Verizon (NYSE: VZ) is reportedly looking to raise $1.17 billion in a bond backed by customers' monthly phone installment payments in an unprecedented move that may see other mobile network operators follow suit.
Reuters reported that Bank of America Merrill Lynch, Barclays and MUFG have been hired to lead the inaugural transaction, which is said to be the first of its kind among U.S. carriers. An "investor road show" is scheduled to be held over the next two weeks, according to reports, in an effort to sell the bond.
Equipment installment plans (EIPs) have gained favor among both U.S. carriers and consumers as the industry moves away from subsidized handsets and two-year contracts in favor of more transparent models. But the trend is costly in the short term for carriers because they pay the cost of the handset upfront and must wait for customers to pay off their devices in monthly installments.
EIPs also carry some obvious risks for operators. Indeed, Moody's said earlier this year that the four major U.S. carriers could rack up $55 billion in outstanding EIP loans. And Wells Fargo reported in March that T-Mobile was forced to implement new credit policies after bad debt from consumer credit standards took a toll on the bottom line.
Carriers have conducted similar transactions in the past with banks through private transactions, The Financial Times reported, but this will be the first such bonds sold publicly to investors in the U.S. Similar deals have occurred in Japan, the Times said.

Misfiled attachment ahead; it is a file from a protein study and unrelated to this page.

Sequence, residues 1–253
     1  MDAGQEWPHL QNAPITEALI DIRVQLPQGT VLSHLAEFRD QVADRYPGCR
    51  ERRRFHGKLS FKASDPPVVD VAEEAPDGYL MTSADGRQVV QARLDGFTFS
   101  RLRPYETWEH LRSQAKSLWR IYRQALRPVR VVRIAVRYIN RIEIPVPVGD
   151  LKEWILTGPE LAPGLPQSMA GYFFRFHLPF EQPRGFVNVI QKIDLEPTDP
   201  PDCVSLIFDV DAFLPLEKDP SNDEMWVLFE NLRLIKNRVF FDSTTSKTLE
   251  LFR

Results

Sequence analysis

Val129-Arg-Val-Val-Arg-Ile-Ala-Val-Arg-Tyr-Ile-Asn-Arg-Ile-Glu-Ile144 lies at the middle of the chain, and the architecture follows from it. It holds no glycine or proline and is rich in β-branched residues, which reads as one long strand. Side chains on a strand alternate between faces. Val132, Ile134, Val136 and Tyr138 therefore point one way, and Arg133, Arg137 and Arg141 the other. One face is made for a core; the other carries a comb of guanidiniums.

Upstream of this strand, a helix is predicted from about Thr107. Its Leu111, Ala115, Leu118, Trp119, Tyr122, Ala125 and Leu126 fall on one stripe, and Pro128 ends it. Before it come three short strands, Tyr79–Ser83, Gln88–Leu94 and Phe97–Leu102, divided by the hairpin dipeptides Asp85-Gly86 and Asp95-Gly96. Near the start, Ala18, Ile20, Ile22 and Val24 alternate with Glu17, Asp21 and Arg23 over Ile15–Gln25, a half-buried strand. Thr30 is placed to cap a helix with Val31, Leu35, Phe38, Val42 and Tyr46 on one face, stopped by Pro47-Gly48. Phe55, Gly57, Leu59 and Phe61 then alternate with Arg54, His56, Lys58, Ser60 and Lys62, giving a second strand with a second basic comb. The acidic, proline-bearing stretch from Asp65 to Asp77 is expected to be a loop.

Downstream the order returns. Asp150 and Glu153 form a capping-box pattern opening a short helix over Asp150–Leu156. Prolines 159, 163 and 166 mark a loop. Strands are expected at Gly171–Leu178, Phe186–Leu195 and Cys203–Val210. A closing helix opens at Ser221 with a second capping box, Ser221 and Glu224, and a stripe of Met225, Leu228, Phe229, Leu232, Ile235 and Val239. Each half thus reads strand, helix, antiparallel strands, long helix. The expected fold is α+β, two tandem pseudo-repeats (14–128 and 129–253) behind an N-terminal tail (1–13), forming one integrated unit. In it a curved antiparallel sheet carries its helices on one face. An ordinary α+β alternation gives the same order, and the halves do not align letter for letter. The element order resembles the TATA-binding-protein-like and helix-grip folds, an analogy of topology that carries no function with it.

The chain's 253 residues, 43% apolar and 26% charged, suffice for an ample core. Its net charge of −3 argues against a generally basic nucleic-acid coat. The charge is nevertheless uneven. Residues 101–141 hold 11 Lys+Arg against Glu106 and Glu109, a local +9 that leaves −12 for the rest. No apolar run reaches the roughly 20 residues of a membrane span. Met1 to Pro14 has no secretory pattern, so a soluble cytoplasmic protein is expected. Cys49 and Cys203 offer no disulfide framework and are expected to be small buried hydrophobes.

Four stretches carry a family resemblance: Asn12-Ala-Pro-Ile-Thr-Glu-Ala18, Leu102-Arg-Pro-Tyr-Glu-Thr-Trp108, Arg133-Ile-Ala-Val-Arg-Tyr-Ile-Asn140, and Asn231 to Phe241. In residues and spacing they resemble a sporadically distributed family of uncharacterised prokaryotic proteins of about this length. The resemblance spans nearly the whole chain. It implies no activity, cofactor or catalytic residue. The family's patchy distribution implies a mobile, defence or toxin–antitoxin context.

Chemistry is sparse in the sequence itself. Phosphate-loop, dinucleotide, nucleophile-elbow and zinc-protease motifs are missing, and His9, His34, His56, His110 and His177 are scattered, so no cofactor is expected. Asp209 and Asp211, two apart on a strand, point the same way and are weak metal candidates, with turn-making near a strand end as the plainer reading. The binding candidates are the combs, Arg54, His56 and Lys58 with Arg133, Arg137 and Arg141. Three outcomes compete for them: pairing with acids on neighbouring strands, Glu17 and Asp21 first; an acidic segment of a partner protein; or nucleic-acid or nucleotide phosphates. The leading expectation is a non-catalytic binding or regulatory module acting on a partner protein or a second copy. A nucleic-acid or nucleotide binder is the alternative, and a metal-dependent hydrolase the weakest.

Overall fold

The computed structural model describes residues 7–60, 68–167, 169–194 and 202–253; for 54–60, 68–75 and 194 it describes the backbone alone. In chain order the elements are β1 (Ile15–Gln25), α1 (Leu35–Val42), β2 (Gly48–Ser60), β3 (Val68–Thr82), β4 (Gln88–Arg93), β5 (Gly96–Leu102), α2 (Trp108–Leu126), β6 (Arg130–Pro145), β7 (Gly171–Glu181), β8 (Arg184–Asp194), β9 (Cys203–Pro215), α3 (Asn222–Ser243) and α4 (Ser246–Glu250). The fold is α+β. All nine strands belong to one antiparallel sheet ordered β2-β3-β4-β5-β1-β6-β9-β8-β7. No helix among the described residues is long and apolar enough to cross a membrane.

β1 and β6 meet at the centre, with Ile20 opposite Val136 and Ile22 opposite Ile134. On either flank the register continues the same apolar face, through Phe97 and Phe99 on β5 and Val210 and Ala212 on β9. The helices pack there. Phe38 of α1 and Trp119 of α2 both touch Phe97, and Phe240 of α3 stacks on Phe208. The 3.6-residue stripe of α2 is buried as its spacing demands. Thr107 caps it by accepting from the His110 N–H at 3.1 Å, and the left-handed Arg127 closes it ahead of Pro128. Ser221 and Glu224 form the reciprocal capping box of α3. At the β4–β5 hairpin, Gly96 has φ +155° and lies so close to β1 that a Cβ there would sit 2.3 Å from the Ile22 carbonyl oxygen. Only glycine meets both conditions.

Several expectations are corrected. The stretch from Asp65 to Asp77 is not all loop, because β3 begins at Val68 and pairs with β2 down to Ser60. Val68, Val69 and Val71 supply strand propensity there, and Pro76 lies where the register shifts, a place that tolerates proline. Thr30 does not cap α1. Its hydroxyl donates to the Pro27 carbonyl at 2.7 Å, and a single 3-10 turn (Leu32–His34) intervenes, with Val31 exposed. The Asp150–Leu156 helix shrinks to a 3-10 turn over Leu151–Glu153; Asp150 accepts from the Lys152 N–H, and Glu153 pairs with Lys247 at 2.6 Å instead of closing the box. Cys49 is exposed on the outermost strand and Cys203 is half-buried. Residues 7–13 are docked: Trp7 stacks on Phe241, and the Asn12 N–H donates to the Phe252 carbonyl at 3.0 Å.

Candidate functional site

Verizon CFO Fran Shammo hinted earlier this month that the carrier would pursue some way to better finance its EIP program. "We've been looking at for over a year now to, really looking at ways to finance the handsets," Shammo said during an investors conference three weeks ago. "Because I don't want to be in the financing business."
The Times reported that the bond will comprise three layers: A $1 billion triple-AAA tier, an $84.5 million double-AA tier and a single-AA tier also at $84.5 million. Investors in the highest-rated tranche are protected from the first 30.6 percent of losses on the EIP loans; the lowest tranche is protected from the first 18.7 percent of losses "due to the underlying assets of the bond exceeding the value sold to investors."
Sprint (NYSE: S) last year said it received $1.1 billion in cash from a handset-leasing company that was established by parent company SoftBank and other investors in an effort to take the financing of leased devices off Sprint's balance sheet and provide it with more liquidity. Sprint has since executed a second deal with the handset-leasing company and has also established a lease-back arrangement for some of its network assets.
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